Khadjimuradov came to the United States from Chechnya in 2004 under the auspices of the United Nations refugee program. He is paralyzed from the waist down from gunshot wounds suffered in Chechnya in 2001 and uses a wheelchair to get around.  
 
According to Khadjimuradov, he first met Tamerlan Tsarnaev in 2006 at the annual gathering of the Chechen Society of Boston. He said Tsarnaev subsequently visited him three times in Manchester, the last time with his American wife, Katherine, and their young child.

He said he and Tamerlan never discussed Tsarnaev’s fervent embrace of Islam, the cause of Chechen independence from Russia or politics of any kind.
 
“Nothing, never. He never talked about the religious, politics or anything like that to me,” Khadjimuradov said.
 
Russia’s interest in the case
 
During one visit in the summer of 2012, he said Tamerlan told him of his six month stay in his native Dagestan the first half of that year. The Dagestan visit has been the subject of intense interest to U.S. and Russian investigators, who have been trying to find out if Tsarnaev had dealings with Chechen rebels while there.
 
Even before Tsarnaev’s trip to Dagestan in the first half of last year, Russia’s FSB intelligence agency had contacted both the FBI and CIA inquiring about him and warning that Tsarnaev might try “to join unspecified underground groups” if he visited the Caucasus region.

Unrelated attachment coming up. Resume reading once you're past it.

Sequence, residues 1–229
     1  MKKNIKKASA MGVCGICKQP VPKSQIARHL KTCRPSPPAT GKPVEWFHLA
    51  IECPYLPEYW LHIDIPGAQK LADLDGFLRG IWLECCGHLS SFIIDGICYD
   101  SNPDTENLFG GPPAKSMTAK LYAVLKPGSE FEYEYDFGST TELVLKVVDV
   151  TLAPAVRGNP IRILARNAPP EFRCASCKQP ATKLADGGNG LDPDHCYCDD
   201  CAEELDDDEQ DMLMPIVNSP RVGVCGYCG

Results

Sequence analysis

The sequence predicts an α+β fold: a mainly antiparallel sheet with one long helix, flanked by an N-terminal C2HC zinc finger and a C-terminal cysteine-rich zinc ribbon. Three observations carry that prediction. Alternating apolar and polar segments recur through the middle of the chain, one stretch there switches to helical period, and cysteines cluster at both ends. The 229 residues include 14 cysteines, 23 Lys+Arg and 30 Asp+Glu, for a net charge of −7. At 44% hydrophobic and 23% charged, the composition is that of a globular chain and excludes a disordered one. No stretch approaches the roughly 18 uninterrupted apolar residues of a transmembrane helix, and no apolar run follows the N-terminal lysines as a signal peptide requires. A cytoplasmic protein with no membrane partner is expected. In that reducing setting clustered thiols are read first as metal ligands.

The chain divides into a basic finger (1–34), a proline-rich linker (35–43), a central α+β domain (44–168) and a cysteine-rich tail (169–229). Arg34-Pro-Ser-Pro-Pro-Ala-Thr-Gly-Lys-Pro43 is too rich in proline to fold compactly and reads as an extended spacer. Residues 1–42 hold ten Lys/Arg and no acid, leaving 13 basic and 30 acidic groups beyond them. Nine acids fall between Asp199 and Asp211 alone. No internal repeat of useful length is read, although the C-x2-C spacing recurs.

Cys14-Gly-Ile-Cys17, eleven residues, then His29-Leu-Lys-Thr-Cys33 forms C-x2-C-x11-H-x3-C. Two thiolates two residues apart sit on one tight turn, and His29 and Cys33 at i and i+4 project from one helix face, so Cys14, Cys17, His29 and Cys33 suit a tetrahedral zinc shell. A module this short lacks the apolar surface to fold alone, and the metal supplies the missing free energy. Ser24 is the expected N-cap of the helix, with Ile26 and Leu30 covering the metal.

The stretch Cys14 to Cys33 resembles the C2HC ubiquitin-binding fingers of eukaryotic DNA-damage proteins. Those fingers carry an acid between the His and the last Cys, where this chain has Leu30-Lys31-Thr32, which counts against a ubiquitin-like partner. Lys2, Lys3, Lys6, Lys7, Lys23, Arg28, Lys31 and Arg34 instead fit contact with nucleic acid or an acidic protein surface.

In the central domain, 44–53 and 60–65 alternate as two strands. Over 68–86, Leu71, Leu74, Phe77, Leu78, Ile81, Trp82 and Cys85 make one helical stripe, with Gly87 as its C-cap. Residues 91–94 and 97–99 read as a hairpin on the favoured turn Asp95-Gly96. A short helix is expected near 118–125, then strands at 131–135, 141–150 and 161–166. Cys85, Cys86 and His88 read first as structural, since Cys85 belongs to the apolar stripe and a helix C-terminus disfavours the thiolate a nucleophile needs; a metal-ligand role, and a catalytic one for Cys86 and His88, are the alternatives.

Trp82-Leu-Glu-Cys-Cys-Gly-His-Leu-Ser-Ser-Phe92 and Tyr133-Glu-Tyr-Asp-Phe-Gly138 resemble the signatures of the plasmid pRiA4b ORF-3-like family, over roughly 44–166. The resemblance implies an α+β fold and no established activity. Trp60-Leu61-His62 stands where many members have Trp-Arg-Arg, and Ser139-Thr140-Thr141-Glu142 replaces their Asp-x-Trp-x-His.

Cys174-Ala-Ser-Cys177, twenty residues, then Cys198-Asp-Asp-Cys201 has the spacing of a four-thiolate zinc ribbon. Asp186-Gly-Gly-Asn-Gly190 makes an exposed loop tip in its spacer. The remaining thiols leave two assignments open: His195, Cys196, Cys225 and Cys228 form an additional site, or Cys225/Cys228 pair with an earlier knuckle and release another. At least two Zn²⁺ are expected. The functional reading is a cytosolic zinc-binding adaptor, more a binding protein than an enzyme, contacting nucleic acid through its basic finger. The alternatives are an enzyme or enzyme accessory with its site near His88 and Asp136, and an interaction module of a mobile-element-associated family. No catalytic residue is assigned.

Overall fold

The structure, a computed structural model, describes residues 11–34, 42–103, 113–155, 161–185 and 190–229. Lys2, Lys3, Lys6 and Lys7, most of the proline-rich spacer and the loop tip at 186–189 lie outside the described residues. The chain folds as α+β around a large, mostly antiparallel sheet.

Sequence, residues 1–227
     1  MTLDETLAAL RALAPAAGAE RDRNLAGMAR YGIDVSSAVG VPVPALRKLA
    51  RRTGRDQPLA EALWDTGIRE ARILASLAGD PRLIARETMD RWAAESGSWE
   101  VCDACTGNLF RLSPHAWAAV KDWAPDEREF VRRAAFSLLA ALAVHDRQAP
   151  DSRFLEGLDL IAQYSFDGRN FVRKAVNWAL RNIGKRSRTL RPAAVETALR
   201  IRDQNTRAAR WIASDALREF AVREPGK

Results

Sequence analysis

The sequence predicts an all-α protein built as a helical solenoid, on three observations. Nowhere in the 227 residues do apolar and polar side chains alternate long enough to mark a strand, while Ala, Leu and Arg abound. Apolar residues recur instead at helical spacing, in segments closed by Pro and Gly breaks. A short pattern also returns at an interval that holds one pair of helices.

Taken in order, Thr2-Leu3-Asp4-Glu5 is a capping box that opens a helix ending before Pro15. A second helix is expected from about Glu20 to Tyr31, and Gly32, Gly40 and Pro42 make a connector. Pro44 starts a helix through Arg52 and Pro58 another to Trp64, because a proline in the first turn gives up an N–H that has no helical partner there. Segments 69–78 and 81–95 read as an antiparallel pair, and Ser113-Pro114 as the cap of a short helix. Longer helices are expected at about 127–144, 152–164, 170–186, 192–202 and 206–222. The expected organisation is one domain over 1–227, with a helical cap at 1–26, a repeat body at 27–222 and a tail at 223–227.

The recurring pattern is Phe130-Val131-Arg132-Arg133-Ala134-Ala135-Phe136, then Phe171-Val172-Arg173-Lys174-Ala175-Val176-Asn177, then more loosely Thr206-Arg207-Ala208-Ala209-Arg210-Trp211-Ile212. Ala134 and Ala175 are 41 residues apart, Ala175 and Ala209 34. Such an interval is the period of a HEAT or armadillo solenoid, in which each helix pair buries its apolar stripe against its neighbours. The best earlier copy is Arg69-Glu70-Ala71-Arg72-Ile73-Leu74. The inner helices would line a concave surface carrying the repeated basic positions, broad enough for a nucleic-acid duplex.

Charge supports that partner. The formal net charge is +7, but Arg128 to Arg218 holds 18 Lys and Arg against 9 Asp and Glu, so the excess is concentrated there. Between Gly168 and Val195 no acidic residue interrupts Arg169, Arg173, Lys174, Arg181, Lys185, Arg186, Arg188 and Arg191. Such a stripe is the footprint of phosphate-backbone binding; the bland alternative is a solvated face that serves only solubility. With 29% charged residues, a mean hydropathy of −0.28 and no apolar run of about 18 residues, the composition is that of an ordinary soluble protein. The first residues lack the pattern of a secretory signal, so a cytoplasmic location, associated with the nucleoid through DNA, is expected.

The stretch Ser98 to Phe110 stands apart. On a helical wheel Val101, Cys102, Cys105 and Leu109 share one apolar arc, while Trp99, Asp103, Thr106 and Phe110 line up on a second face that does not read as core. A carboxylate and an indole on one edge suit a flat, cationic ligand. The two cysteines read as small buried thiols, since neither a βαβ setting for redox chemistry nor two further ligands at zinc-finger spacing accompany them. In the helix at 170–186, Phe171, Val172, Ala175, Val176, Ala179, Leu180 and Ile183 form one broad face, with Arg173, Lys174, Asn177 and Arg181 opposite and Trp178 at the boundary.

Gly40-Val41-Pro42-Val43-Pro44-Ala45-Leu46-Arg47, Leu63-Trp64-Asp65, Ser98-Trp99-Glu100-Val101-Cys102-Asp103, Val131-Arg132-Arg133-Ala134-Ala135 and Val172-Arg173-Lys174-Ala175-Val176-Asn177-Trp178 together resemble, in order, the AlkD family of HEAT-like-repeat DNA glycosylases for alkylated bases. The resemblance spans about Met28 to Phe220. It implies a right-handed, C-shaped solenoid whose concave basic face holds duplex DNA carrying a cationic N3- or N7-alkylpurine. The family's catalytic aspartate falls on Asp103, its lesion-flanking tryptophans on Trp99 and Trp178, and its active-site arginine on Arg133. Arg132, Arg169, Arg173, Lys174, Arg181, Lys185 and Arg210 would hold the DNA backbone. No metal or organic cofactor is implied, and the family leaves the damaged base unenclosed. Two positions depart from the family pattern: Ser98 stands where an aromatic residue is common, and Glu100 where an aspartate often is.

Though Khadjimuradov said the FBI agents told him he was not a suspect in the Boston bombing case, he said he believed their intensified interest in him stemmed from his own background in the separatist cause back in his Chechnya homeland as well as Russia’s interest in the case.
 
Before leaving Chechnya in 2004, Khadjimuradov was an aide to one of the most prominent leaders of the Chechen separatist movement, Akhmed Zakayev, who now lives in exile in London. Moscow considers Zakayev a war criminal and has asked for his extradition, but Britain has refused.
 
“Zakayev is first on the FSB black list for assassination, so now they try to get to him by labeling him a terrorist,” Khadjimuradov speculated.

VOA's Brian Padden contributed to this report. 

(In an earlier version of this story the city of Seabrook, New Hampshire was incorrectly identified as Seabook.)

You May Like

Video For West Ukraine City, Conflict Far Away Yet Near

Physically and culturally close to Western Europe, Lviv feels solidarity with compatriots in country’s east but says they need to decide own future More

West African Women Disproportionately Affected by Ebola

Women's roles in families and the community put them at greater risk for contracting the disease, officials say More

Video NASA's MAVEN Spacecraft Arrives at Mars

Mars Atmosphere and Volatile Evolution craft will measure rates at which gases escape Martian atmosphere into space More

This forum has been closed.
Comment Sorting
Comments
     
by: Amy from: Chicago